Sight as trauma : the politics of performing and viewing the body on stage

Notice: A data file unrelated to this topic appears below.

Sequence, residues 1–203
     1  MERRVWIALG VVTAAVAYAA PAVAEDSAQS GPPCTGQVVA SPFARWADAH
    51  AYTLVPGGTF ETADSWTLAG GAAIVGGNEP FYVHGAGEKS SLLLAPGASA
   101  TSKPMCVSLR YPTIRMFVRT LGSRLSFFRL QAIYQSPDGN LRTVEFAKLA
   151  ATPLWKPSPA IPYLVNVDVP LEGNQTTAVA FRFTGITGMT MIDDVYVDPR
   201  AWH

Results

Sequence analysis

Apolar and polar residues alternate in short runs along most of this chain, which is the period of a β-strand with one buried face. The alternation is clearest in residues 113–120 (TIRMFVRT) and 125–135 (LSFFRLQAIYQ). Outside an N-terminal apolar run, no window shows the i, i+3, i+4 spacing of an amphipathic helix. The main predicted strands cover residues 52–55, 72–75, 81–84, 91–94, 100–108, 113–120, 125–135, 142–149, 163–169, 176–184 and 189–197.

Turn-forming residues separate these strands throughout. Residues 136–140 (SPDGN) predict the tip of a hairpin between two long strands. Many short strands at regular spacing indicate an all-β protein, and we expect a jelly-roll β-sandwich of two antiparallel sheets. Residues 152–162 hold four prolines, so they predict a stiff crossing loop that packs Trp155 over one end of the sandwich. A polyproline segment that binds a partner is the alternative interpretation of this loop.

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My thesis aims to partake in the controversial and theoretical debates surrounding sight which can be traced as far back as Plato. It seeks to provide an overview of the cultural history of the gaze in order to set up a triangulated and in-depth schema or triadic relationship between theatre, text and trauma through the lens of psychoanalytical, phenomenological and socio-theoretical frameworks. More specifically, it attempts to explore the various interactions, along the axis of representation, between theatrical metaphors and those of traumatic vision, as well as traumatic representations on stage of viewing and the multi-layered and socio-political implications of various ways of looking (or non-looking), which often trigger traumatic responses. By examining two canonical plays – Sophocles’ Oedipus Rex and Shakespeare’s Macbeth – as well as the modern performances of artists such as Orlan and Franko B, I hope to show how visual trauma can transcend time and space and how the stage, as well as dramatic performances, can function as a body or body politic upon which various visuo-spatial and traumatic themes can be inscribed and re(enacted). The shift in emphasis, beginning with Freud and onwards, from physical to psychological trauma has often led to a blurring and obfuscation of the question of sight and the various lines of inquiry related to it. It has unfortunately often been overlooked in trauma theory, together with the issue of how certain sights/sites can often lead to broken, baffled and even traumatic responses when there is a failure to adequately interrogate, interpret and subsequently assimilate various events both on and off-stage. This failure is further compounded by various theoretical strands which view trauma as being non-representable. Thus by bringing trauma and vision to the fore, my research aims to inflect the cultural history of the gaze by showing how it contributes invaluably to a greater understanding of identity formation and hermeneutical activity in particular, as well as theatrical practices and even gender discourse analysis in general. By recourse to Sophocles’ Oedipus Rex and Shakespeare’s Macbeth, two canonical plays which draw heavily on notions of sight, blindness and the traumatic implications of viewing certain objects or events, as well as through an interrogation of various responses to the theatrical performances of more modern bodily-based performance artists such as Orlan and Franko B, who cut and refashion their bodies in front of a large audience, this work seeks to bring together various theoretical approaches ranging from psychoanalysis to phenomenology in order to shed light on how sight can lead to trauma both on and off the stage, thus contributing to the ongoing theoretical debates surrounding the body and the theatre.